My outlook on farming has softened somewhat. I am not in denial that intensive agriculture has walloped our birdlife in the 20th and 21st century, but there are farms and farmers out there that do care about how they farm and strive to protect hedgerows, ponds and birds. They are not all money-grabbing subsidy-gobblers who plough Barn Owls into the dirt while exterminating bees with toxic sprays (although some undoubtably do carry out procedures that do not go hand-in-hand with a healthy environment). Until we all learn to listen to each other's viewpoints and are able to discuss how best to move on - so all can gain from the solution - then there will be conflict and there will not be resolution.

I bird over downland that is populated by cyclists, dog walkers, joggers, horse riders and flyers of model aircraft. They all have as much right to be there as me. Not all dogs are out of control. Not all cyclists ride to fast. And not all birders are twitchers who harass tired migrants.

Friday, 21 August 2015

Globe theatre


No, I haven't gone all Shakespearean on you...

After walking the footpaths that cross Epsom and Walton Downs, and failing to tickle a single ornithological taste bud, it was a relief to come across this stand of Blue Globe-thistle, at the foot of the race course. I have known it here for several years, and it was a sturdy patch back then, no doubt the result of a dumping of earth. Some botanists dislike aliens with a passion, whereas I am quite fond of them.

There is a very good second brood of Holly Blue here in Surrey. Wherever I wander I am coming across them, even over the past couple of days, which have been dark and dismal. To see one flitting along a hedgerow in a heavy drizzle can lift the moment instantly.

Wednesday, 19 August 2015

A Thursley interlude


Today saw a rare outing to Thursley Common. This is one of those places that I have struggled with over the years. Being a specialist habitat it is always going to produce a small, but notable, suite of birds, but this is only half of (my) story - it seldom manages to excite me and I am without doubt the loser in not visiting the site very often.

In spring/early summer you are more or less guaranteed the summering/breeding stars, with Woodlark, Common Redstart, Dartford Warbler, Hobby and Nightjar. You can sometimes jam in, as I did, with a first-summer Common Crane (6 May 1987) that rose up from the bog before giving a fly past.

Winter is an altogether harder proposition. Birdlife can all but disappear and on one occasion my notebook recorded but 18 species in a five hour visit, but did include a Great Grey Shrike and a Hen Harrier! Having mentioned those two highlights, I have to admit to blanking out more often than not.

But Thursley is far more than just birds. It is one of the best places in Britain for dragonflies and damselflies. Again, the site can be a cruel mistress, dishing up days when they swarm over the bog in numbers too many to count and at other times ensuring that the cloud rolls in and there is little on the wing. Botanically it is rewarding for those that know their sedges and rushes, and it hides its most notable species well, although the show of Bog Asphodel, Marsh St.John's-wort and Sundews (Round-leaved - below, and Oblong-leaved) is not to be sniffed at. I have seen Round-leaved Wintergreen and Marsh Clubmoss here, but only because somebody in the know showed me where they were - a casual search for them would be doomed to failure.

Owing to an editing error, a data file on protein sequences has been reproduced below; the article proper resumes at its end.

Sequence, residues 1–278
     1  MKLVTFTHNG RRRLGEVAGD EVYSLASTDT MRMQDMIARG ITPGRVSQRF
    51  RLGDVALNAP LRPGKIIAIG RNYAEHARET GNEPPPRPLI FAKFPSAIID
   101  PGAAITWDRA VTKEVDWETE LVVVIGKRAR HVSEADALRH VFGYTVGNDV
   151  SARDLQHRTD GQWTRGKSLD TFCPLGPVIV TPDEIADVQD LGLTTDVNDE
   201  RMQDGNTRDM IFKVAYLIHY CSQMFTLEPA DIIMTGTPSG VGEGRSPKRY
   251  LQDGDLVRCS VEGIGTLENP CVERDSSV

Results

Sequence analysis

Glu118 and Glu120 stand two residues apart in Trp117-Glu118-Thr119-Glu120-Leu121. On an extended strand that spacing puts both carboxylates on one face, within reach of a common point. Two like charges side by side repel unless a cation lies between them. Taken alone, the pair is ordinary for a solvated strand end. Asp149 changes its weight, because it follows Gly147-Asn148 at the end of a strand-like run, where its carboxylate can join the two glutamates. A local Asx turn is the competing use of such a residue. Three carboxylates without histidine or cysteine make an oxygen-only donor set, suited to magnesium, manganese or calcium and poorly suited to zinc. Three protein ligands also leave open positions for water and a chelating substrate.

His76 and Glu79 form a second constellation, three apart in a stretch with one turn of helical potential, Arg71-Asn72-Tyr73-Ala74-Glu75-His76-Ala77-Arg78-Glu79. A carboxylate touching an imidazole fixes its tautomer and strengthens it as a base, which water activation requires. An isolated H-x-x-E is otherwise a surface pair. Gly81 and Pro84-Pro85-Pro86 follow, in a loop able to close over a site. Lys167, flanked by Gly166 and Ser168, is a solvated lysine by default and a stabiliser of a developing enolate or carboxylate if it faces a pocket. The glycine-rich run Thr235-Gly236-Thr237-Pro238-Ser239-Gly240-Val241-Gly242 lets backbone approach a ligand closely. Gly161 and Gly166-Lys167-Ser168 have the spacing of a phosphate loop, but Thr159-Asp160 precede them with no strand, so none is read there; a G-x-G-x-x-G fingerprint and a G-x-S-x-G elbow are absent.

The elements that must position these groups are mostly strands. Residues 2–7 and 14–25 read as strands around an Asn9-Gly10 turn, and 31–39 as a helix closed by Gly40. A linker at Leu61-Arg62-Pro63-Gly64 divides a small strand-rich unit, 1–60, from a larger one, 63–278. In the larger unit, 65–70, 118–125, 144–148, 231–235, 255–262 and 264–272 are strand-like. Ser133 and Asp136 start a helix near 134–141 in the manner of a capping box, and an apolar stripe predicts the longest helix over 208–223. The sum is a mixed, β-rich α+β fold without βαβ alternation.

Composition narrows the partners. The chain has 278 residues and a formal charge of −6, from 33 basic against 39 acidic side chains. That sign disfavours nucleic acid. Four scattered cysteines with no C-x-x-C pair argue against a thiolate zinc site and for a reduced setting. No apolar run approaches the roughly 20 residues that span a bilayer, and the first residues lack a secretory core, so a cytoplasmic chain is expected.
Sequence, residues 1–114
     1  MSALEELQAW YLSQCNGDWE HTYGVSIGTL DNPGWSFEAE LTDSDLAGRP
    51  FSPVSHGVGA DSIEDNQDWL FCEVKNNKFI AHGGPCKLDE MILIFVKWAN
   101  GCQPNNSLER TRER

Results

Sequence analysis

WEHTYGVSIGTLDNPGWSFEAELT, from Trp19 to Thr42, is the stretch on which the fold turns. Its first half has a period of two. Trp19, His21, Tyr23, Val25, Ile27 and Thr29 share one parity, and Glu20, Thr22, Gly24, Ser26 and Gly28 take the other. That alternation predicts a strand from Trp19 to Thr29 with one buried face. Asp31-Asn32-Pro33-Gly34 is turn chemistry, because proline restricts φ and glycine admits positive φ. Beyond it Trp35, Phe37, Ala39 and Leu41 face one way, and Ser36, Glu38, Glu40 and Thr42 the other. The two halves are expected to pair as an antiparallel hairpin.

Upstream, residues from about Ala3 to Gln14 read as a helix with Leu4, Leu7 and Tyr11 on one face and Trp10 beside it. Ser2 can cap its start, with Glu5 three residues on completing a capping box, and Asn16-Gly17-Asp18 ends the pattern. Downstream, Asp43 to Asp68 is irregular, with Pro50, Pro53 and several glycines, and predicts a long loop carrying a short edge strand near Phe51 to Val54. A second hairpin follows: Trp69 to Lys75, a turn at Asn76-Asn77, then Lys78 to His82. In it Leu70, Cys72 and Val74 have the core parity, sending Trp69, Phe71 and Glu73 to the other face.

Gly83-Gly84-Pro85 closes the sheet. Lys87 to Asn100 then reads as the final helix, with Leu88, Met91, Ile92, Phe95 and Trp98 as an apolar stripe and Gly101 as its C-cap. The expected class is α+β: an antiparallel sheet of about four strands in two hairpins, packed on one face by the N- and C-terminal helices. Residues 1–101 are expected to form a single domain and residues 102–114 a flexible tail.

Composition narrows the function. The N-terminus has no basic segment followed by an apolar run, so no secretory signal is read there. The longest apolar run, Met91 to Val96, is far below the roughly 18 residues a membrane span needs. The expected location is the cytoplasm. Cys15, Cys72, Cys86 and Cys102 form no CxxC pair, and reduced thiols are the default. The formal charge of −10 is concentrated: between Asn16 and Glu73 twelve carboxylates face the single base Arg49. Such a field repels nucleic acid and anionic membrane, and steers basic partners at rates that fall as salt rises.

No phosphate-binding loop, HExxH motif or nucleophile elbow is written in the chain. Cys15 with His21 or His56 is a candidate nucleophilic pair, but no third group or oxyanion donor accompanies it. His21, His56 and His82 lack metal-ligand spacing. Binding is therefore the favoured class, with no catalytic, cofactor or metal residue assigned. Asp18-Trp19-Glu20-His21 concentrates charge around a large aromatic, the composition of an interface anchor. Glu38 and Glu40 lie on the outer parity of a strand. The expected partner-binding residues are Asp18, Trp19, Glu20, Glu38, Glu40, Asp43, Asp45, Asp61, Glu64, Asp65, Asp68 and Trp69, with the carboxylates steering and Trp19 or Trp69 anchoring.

Today's highlight was without doubt another mass-flowering spectacle. The dry heath was coloured by millions of Heather and Bell Heather flowers, in places a swathe of purple, red and pink that stretched to the horizon. The odd splash of yellow was added via Dwarf Gorse. For a brief period the sun came out and with it came a great show of bees, wasps and hoverflies, all taking advantage of the bountiful flowers. A stirring sight.


Friday, 14 August 2015

Pants birding

On Monday I spent a few hours grilling the fields and hedgerows at Canons Farm. It was eerily quiet, not even a 'hweet' or 'hoo-eet' from a Chiffchaff or Willow Warbler to be heard. I almost cheered when a Whitethroat broke cover. My skywatching revealed nothing, apart from the fact that a few corvids and gulls were bothering to move, and even they were doing so half-heartedly. I returned home with the thought that at least I had made the effort.

This afternoon I returned, hopeful that the odd migrant would be lurking - after all, Tree Pipit, Reed Bunting and Curlew had all been recorded there mid-week, and are all good local birds. But a steady drizzle greeted me and the fields and hedgerows did a repeat performance from Monday (although to be honest a single Chiffchaff did call). I wandered lonely as a very damp cloud, my enthusiasm waning with every passing minute. I don't mind birding without highlights, I just like to have something to look at! I was desperate, so started to scan the Carrion Crows and Jackdaws, I grilled the Woodpigeons sitting on wires, I ogled a Dunnock that was stupid enough to show itself. This is not birding made of legend. It was pants.

I'm a great believer in taking the rough with the smooth; that you remember your good days because of your bad days; that you are a minute closer to seeing that good bird or avian spectacle; and the more you bird the luckier you get. But sometimes - just sometimes - it can be hard to accept. Of course, I'll be over there again in the next few days, because you just never know...